# Calculating the distance between atomic coordinates

I have a text file as shown below

``````ATOM    920  CA  GLN A 203      39.292 -13.354  17.416  1.00 55.76           C
ATOM    929  CA  HIS A 204      38.546 -15.963  14.792  1.00 29.53           C
ATOM    939  CA  ASN A 205      39.443 -17.018  11.206  1.00 54.49           C
ATOM    947  CA  GLU A 206      41.454 -13.901  10.155  1.00 26.32           C
ATOM    956  CA  VAL A 207      43.664 -14.041  13.279  1.00 40.65           C
.
.
.

ATOM    963  CA  GLU A 208      45.403 -17.443  13.188  1.00 40.25           C
``````

I would like to calculate the distance between two alpha carbon atoms i.e calculate the distance between first and second atom and then between second and third atom and so on..... The distance between two atoms can be expressed as:`distance = sqrt((x1-x2)^2+(y1-y2)^2+(z1-z2)^2) .`

The columns 7,8 and 9 represents x,y and z co-ordinates respectively.I need to print the distance and the corresponding residue pairs(column 4) as shown below.(the values of distance are not real)

``````GLN-HIS   4.5
HIS-ASN   3.2
ASN-GLU   2.5
``````

How can I do this calculation with perl or python?

-
What have you tried so far ? –  georgesl Nov 30 '12 at 12:43
I have the very same problem, But I'nm working with python, are there similar solution there as well? –  Negin Feb 14 '14 at 15:18

If your data is separated by whitespace, a simple `split` can do the job. Buffering the lines to compare them to each other sequentially.

``````use strict;
use warnings;

my @line;
while (<>) {
push @line, \$_;            # add line to buffer
next if @line < 2;         # skip unless buffer is full
print proc(@line), "\n";   # process and print
shift @line;               # remove used line
}

sub proc {
my @a = split ' ', shift;   # line 1
my @b = split ' ', shift;   # line 2
my \$x = (\$a[6]-\$b[6]);      # calculate the diffs
my \$y = (\$a[7]-\$b[7]);
my \$z = (\$a[8]-\$b[8]);
my \$dist = sprintf "%.1f",                # format the number
sqrt(\$x**2+\$y**2+\$z**2);   # do the calculation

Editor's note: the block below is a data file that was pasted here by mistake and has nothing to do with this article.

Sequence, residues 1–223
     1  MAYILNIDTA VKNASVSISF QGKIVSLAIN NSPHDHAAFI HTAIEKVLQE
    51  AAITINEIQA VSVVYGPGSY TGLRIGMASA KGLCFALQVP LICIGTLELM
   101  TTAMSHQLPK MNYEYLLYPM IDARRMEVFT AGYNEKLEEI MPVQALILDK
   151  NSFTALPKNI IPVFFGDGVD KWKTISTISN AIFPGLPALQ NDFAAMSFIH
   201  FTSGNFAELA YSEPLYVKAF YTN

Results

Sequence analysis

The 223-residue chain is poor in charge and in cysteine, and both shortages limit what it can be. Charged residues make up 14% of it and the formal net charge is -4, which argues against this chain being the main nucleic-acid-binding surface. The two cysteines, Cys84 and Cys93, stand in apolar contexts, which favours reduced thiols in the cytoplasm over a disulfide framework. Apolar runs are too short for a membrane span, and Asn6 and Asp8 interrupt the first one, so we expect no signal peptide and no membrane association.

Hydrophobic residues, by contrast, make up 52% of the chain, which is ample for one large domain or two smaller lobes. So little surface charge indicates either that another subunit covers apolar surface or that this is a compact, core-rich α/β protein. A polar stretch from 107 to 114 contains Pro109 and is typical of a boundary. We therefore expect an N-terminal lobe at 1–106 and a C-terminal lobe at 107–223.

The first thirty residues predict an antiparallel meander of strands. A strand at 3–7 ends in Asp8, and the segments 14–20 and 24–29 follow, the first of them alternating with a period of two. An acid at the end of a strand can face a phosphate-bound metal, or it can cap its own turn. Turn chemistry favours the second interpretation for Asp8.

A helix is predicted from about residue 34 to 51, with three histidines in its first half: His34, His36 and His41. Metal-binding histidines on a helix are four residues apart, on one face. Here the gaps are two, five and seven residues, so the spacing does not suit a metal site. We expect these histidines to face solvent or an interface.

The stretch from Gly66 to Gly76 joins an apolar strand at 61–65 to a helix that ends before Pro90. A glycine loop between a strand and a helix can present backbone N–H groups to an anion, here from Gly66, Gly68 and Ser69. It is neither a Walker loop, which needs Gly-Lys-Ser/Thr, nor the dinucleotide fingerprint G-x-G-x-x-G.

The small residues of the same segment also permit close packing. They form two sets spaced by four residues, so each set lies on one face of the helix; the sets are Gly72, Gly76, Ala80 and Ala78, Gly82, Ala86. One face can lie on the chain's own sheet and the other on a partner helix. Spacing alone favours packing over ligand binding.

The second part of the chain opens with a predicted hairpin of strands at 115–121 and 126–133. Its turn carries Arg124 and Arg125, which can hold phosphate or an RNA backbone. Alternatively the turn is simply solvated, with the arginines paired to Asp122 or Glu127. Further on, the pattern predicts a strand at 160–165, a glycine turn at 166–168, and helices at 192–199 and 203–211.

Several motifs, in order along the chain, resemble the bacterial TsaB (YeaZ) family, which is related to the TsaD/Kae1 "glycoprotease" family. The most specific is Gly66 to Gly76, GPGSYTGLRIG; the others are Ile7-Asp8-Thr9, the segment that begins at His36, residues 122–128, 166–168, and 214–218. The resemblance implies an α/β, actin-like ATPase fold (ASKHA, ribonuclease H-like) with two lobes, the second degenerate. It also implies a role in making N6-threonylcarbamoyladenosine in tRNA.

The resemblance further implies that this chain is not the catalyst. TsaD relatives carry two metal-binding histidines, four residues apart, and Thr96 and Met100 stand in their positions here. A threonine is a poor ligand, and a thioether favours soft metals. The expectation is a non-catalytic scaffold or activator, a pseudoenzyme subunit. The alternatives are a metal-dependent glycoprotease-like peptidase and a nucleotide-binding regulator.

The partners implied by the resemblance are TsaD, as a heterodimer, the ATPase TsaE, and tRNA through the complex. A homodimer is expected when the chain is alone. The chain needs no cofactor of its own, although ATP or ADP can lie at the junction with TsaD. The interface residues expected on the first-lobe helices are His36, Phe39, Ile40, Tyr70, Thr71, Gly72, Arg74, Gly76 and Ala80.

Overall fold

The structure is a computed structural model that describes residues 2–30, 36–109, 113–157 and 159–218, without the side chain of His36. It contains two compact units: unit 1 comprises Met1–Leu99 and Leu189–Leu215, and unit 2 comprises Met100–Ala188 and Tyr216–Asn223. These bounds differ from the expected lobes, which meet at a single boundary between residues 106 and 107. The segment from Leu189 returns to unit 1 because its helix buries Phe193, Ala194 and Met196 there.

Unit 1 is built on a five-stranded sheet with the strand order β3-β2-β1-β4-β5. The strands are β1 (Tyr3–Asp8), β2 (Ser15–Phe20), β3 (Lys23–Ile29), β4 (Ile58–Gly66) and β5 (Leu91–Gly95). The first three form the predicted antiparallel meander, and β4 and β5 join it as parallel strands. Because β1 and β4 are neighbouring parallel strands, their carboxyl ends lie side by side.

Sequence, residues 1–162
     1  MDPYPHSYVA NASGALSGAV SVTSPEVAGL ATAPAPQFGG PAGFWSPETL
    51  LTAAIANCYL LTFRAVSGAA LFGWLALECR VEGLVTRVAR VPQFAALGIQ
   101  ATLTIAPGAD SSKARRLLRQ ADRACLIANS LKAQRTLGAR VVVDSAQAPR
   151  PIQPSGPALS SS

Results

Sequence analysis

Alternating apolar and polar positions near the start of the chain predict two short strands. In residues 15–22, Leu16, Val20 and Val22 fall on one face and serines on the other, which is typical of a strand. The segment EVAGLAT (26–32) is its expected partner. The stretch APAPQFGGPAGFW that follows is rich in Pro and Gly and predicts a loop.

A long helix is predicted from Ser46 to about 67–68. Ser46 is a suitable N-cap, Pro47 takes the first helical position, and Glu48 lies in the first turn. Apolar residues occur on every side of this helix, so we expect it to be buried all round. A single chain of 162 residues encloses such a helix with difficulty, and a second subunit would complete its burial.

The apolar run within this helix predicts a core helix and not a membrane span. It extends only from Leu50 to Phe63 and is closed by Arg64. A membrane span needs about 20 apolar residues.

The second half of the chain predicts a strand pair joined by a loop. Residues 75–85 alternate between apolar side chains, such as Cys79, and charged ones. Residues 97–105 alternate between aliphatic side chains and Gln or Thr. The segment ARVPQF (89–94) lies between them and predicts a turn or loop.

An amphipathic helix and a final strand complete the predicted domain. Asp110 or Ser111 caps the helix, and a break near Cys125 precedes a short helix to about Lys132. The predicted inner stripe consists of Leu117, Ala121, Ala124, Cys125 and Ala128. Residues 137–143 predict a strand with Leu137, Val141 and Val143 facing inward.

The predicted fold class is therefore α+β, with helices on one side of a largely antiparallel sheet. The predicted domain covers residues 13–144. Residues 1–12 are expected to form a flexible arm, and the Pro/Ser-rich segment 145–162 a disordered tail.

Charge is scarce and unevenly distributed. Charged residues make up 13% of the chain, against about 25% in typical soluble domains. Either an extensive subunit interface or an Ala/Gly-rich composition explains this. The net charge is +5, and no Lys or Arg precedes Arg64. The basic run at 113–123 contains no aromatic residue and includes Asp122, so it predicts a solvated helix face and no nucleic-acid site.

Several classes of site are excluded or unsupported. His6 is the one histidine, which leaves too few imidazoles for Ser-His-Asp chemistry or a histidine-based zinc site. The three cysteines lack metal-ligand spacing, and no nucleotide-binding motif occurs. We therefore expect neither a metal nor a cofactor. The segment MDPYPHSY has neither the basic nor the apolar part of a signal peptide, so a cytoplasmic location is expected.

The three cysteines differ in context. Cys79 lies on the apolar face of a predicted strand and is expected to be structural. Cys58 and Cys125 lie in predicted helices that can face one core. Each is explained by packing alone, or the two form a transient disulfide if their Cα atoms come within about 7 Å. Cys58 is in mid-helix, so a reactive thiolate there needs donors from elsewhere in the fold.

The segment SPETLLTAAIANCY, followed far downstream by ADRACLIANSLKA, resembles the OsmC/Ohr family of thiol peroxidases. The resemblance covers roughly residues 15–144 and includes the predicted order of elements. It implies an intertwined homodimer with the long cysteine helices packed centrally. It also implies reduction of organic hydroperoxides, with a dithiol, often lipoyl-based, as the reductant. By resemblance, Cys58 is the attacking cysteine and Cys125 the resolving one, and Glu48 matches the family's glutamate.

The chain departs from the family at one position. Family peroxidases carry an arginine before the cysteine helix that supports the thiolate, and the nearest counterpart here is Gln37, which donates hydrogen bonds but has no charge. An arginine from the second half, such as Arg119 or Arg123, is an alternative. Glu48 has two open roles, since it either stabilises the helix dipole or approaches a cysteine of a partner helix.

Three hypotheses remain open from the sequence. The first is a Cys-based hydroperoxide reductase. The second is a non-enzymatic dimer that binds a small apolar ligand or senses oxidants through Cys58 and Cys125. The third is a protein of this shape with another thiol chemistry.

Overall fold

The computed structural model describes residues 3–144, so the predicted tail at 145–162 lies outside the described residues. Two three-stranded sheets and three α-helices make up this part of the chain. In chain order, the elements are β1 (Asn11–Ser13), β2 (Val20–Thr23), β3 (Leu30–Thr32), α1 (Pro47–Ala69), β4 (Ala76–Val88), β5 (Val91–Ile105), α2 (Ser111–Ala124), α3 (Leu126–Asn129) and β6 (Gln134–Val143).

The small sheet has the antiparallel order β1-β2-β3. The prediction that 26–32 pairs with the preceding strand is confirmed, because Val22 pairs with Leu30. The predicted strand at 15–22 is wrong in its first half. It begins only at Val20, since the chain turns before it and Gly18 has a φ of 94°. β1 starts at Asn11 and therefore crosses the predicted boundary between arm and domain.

return "\$a[3]-\$b[3]\t\$dist"; # return the string for printing
}
``````

Output (with the sample data):

``````GLN-HIS 3.8
HIS-ASN 3.8
ASN-GLU 3.9
GLU-VAL 3.8
``````

If your data is tab separated, you can split on `/\t/` instead of `' '`.

-
Thank you very much for your answer. Your code works well. But I don't get the output line-by-line. I would like to change the appearance of my output like your sample output.How can I change? I appreciate your help!! –  user1866262 Nov 30 '12 at 14:53
Oh right, forgot that.. I ran the script with the `-l` flag while testing. `perl -l script.pl input.txt`. I'll fix it. –  TLP Nov 30 '12 at 15:01
Thank you so much!! –  user1866262 Nov 30 '12 at 15:32
You're welcome. –  TLP Nov 30 '12 at 15:44
An important note: PDB atom coordinates are not necessarily whitespace-delimited (see the specification). –  David Cain May 11 '13 at 16:16

Assuming your data are in "atoms.txt", this reads it in line by line and splits the entries into a list:

``````import csv

with open("atoms.txt") as f:
entries = line.split()
print entries
``````

Now for each list extract the columns you need, and calculate the distances etc (Bear in mind that the lists in python are zero-based).

-
Did you test this code? Never mind the mistake with `for line, in reader:` - the return of that will be a `list` which won't have a `split` method... –  Jon Clements Nov 30 '12 at 13:11
@Jon: edited, thanks! –  ev-br Nov 30 '12 at 13:15
That hasn't fixed the problem... –  Jon Clements Nov 30 '12 at 13:16
works on my machine, what is the problem? –  ev-br Nov 30 '12 at 13:20
Exactly what I said the first time... You'll get a ValueError for `for line, in reader`, and once that's fixed - you'll get a `AttributeError: 'list' object has no attribute 'split'` on `entries = line.split()` –  Jon Clements Nov 30 '12 at 13:24

# Do NOT split on whitespace

The other answers given here make a flawed assumption - that coordinates will be space-delimited. Per the PDB specification of `ATOM`, this is not necessarilly the case: PDB record values are specified by column indices, and may flow into one another. For instance, your first `ATOM` record reads:

``````ATOM    920  CA  GLN A 203      39.292 -13.354  17.416  1.00 55.76           C
``````

But this is perfectly valid as well:

``````ATOM    920  CA  GLN A 203      39.292-13.3540  17.416  1.00 55.76           C
``````

## The better approach

Because of the column-specified indices, and the number of other problems that can occur in a PDB file, you should not write your own parser. The PDB format is messy, and there's a lot of special cases and badly formatted files to handle. Instead, use a parser that's already written for you.

I like Biopython's `PDB.PDBParser`. It will parse the structure for you into Python objects, complete with handy features. If you prefer Perl, check out BioPerl.